When we say our temple is “non-sectarian” it means we have no official ties to any larger Buddhist organization. But from our founding minister Rev. Gyomay Kubose on, all our ministers have been ordained at Higashi Honganji in Kyoto, which is the headquarters of the second largest Jodo Shinshu sub-sect. (The largest is Hompa Honganji, aka Nishi Honganji, the official organization of the Buddhist Churches of America.) But one of the great characteristics of Higashi Honganji in its development from the Meiji period (when Japan was opened to the West) is the fostering of awareness of Jodo Shinshu in connection to all of Buddhism and the continuing interaction with Western thought and religion.
Proof of this is the curriculum for priests at Otani University. The first president (when it was known as Shinshu College) Manshi Kiyozawa felt all priests in training should learn about Buddhism as a whole and about the religious and philosophical teachings outside of Asia. When I was at Otani, the kyoshi (full ordination) program required us to take at least two courses of Buddhist topics outside of Jodo Shinshu and two courses of Western philosophy and religion. At the same time at Nishi Honganji’s Ryukoku University, the kyoshi students only had to take required courses in Jodo Shinshu doctrine and history. (However, I’m sure there are many BCA ministers like Rev. Marvin Harada who elected to take courses in non-Shin Buddhist courses.)
In the book Cultivating Spirituality: A Modern Shin Buddhist Anthology (eds. Mark L. Blum and Robert F. Rhodes, State University of New York, 2011), you can get a taste of the progressive thought of Higashi Honganji teachers of the 20th century. (The hardback version of the book is pricey at $75, but SUNY just released the paperback edition.) Mark’s historical summary and introduction to Kiyozawa are well worth reading as are the introductions to the other thinkers, Ryojin Soga, Daiei Kaneko and Rijin Yasuda.[no picture for now - Blogger is not letting anyone upload images, but see http://www.sunypress.edu/p-5302-cultivating-spirituality.aspx]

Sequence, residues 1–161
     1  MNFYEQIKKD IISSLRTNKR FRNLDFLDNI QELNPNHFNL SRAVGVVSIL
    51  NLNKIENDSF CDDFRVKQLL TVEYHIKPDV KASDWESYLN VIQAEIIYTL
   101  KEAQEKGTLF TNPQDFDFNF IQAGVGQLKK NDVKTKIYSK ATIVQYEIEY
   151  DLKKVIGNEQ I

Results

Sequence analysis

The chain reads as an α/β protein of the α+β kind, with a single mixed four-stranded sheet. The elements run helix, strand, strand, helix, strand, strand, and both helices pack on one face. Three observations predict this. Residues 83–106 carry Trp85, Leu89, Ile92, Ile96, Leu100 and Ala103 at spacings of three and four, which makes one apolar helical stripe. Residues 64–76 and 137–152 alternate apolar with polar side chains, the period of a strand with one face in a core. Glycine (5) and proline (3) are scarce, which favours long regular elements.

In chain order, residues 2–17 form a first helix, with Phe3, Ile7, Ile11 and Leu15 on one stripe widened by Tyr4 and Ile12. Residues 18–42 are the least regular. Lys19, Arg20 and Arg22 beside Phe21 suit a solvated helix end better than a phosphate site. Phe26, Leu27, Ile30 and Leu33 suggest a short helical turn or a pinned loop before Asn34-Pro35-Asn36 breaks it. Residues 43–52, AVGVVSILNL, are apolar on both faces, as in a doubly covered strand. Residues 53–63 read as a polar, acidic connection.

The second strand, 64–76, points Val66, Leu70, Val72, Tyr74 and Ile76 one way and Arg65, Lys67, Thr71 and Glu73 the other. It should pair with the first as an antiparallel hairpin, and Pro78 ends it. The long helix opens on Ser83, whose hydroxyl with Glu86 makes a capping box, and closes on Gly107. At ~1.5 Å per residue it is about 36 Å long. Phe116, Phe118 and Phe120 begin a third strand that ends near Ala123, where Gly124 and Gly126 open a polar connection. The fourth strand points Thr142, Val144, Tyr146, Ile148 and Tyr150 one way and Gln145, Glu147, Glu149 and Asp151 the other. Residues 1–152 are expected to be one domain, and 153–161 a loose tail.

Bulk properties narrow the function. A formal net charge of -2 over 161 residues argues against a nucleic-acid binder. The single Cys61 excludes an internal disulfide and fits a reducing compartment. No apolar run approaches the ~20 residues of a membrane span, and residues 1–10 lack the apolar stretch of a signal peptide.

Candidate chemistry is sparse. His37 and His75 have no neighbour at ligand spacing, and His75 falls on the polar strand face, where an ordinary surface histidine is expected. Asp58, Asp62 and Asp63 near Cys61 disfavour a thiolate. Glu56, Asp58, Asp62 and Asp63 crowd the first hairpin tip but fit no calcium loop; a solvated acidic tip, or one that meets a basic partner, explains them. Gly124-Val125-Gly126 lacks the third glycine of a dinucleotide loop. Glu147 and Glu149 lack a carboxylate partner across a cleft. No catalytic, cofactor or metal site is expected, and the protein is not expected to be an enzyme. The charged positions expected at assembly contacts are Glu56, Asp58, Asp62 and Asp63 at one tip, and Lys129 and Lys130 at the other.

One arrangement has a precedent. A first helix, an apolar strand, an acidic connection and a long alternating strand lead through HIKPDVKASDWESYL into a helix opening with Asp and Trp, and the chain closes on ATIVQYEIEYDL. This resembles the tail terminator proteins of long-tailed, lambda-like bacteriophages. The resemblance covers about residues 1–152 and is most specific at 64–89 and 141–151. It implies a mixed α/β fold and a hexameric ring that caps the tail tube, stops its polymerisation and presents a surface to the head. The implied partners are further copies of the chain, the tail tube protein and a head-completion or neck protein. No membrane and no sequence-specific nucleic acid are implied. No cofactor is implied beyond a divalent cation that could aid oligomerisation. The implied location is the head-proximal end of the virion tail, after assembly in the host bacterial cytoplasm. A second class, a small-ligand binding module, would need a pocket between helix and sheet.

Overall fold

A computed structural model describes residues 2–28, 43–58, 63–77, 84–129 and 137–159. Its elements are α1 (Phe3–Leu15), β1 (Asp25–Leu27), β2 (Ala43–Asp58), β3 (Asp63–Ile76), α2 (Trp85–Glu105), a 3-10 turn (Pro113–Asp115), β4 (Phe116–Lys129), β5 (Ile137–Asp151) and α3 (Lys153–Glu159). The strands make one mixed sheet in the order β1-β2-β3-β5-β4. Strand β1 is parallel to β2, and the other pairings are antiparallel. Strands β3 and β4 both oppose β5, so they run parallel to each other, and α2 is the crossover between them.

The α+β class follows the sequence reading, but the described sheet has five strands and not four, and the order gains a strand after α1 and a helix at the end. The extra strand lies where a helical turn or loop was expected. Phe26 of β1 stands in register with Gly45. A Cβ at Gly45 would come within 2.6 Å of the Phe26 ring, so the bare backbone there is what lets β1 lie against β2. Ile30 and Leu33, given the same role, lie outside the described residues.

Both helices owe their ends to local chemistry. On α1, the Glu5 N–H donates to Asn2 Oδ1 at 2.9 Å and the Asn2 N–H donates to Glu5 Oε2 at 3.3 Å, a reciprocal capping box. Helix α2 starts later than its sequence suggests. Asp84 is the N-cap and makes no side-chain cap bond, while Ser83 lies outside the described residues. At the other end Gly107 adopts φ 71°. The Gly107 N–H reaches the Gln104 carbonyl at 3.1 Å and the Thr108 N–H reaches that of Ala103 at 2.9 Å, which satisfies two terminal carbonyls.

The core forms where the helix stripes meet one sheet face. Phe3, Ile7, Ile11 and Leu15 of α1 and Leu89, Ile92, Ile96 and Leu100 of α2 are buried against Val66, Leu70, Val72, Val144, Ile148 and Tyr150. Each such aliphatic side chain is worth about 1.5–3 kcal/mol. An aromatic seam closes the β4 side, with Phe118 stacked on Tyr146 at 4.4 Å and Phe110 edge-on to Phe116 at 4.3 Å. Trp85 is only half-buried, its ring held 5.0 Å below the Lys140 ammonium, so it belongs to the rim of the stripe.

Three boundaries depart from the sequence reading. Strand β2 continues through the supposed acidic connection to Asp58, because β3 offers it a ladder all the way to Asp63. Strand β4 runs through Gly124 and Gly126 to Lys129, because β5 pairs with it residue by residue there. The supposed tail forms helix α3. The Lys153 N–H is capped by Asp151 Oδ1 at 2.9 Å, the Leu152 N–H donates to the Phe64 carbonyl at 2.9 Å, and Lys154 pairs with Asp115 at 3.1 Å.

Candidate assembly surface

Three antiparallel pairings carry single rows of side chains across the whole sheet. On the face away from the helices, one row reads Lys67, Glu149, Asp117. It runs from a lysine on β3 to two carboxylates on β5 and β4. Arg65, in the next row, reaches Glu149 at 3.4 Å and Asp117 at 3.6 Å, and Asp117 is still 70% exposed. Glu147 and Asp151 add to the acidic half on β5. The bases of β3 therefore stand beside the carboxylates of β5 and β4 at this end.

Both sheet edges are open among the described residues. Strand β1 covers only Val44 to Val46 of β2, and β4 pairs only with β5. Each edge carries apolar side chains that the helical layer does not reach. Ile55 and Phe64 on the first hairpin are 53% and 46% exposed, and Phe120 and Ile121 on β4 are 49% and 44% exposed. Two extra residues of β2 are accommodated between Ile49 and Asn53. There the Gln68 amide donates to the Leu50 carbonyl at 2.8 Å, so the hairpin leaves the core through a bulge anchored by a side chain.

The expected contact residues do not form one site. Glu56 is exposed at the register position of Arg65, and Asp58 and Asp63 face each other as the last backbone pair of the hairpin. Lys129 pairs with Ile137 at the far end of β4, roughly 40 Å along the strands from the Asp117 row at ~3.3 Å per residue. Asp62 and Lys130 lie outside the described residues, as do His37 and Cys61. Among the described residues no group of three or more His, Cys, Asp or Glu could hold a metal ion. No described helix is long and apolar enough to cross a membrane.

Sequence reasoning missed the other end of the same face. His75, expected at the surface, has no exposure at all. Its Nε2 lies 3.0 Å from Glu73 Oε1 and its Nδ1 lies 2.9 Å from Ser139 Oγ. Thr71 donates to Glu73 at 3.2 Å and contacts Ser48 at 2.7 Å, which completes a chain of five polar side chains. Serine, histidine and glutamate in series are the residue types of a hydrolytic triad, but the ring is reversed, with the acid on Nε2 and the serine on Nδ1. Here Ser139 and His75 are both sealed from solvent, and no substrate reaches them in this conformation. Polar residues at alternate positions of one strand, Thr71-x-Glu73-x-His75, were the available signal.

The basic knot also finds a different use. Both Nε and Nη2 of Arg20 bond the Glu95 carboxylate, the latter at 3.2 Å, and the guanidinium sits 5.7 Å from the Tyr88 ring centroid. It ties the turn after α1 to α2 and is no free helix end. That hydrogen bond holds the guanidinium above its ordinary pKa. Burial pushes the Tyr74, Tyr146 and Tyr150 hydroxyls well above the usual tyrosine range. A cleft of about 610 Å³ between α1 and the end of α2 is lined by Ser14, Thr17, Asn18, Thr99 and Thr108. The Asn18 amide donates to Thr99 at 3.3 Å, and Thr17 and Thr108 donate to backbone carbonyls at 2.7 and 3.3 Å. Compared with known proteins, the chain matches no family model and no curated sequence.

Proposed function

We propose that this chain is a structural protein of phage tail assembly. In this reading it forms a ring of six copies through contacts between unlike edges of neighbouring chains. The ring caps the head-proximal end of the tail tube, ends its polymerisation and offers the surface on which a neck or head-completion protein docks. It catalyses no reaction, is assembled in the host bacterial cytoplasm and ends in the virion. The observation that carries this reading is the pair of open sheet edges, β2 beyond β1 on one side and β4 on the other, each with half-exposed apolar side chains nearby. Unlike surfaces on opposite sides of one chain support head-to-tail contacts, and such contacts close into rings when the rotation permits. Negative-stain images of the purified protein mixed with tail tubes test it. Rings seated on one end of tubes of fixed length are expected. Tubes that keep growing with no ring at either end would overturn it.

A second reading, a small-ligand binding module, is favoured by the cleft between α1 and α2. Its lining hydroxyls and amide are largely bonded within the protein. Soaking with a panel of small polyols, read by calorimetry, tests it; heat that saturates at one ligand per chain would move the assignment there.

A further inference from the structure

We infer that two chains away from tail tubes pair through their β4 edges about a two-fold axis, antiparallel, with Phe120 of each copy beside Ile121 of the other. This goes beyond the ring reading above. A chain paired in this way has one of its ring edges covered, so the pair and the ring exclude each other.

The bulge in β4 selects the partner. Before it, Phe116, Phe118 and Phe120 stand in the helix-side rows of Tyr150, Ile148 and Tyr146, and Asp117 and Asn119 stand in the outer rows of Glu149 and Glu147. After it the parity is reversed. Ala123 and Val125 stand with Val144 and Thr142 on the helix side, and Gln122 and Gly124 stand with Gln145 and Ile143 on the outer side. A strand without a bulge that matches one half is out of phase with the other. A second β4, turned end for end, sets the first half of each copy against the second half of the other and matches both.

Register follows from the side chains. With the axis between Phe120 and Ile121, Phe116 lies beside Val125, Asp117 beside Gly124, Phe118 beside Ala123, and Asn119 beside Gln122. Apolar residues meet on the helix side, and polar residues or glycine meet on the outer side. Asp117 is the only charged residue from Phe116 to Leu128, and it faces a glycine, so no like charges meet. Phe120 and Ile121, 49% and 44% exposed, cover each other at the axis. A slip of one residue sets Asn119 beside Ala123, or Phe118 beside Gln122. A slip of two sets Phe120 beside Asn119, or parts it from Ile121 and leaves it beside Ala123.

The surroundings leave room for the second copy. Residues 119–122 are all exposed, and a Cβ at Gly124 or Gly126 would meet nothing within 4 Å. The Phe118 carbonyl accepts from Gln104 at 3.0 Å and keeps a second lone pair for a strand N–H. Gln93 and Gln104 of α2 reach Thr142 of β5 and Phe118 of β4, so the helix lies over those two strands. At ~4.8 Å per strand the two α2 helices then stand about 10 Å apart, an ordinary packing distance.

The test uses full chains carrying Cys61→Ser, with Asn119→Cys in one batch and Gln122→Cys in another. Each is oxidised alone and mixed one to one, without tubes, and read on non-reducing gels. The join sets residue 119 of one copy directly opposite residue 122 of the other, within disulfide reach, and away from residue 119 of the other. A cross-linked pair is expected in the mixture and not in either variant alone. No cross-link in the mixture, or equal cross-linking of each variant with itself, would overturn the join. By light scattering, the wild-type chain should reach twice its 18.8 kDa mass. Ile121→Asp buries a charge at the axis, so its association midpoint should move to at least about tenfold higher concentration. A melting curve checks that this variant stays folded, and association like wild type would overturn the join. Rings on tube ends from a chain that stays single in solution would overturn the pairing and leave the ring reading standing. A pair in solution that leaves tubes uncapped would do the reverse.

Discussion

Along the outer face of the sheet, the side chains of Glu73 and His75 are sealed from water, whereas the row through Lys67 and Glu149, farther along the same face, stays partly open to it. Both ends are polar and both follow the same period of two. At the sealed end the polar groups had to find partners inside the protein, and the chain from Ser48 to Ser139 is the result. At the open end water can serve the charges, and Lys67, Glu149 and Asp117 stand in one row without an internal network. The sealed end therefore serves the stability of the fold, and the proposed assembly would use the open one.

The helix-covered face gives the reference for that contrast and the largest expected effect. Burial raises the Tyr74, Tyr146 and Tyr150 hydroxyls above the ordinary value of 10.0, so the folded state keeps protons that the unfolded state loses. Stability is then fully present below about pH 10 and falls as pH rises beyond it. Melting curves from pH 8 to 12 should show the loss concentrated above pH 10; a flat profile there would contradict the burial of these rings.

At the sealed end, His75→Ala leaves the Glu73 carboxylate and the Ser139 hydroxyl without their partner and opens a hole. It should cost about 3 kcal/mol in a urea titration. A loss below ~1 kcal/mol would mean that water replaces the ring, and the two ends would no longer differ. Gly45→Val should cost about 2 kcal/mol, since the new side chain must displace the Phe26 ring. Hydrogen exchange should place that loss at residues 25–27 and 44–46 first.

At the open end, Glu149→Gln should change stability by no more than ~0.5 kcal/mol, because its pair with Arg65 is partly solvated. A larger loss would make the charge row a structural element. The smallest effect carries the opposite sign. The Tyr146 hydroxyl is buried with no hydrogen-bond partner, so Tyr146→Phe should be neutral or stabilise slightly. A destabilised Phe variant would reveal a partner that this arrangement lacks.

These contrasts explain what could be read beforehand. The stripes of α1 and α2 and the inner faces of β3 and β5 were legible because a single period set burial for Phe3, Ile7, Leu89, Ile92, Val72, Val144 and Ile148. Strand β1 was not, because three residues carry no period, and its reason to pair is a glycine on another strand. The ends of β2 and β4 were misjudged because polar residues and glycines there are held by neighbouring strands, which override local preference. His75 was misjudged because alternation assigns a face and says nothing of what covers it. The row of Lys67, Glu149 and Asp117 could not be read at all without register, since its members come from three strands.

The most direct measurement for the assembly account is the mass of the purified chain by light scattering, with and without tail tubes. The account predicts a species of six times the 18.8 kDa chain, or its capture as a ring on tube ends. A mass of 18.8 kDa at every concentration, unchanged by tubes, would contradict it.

I haven’t read any of the translated articles except I’m currently plowing through Yasuda’s ”A Name but Not a Name Alone” (the title is Paul Tillich’s description of the nembutsu after his conversation with Yasuda). I have to say “plowing” because it’s written in such academic prose (with words like noesis and noema). I have a feeling the Japanese can’t be as complicated because teachers such as Yasuda wanted to communicate clearly to their audiences. In my upcoming trip to Japan I hope to hunt down some of those writings in the original Japanese.
Yasuda and the other teachers in the book very much demonstrate that wide and deep learning of the Buddhist tradition and the openness to finding similar concepts in Western thought. Back in the day (early to mid-20th century), Jodo Shinshu was presented in a sort of vacuum, as a supposedly Buddhist sect that cut itself off from the rest of Buddhism, so it’s no wonder other Buddhists treated Pure Land the same way as mainstream conservative Christians look at Mormonism, as some weird Johnny-come-lately aberration. The Higashi teachers are continuing in Shinran’s Kyogyoshinsho footsteps in that they see the nembutsu as clearly evolving from the Buddha’s teachings in its many developments (Theravada, esoteric, Zen etc.).
In our weekly study class this quarter we’ll be delving into Chinese Zen (Ch’an) to appreciate its liveliness and influence on Buddhism’s development and also because it forms the background to how many Westerners have first come to Buddhism before encountering Jodo Shinshu.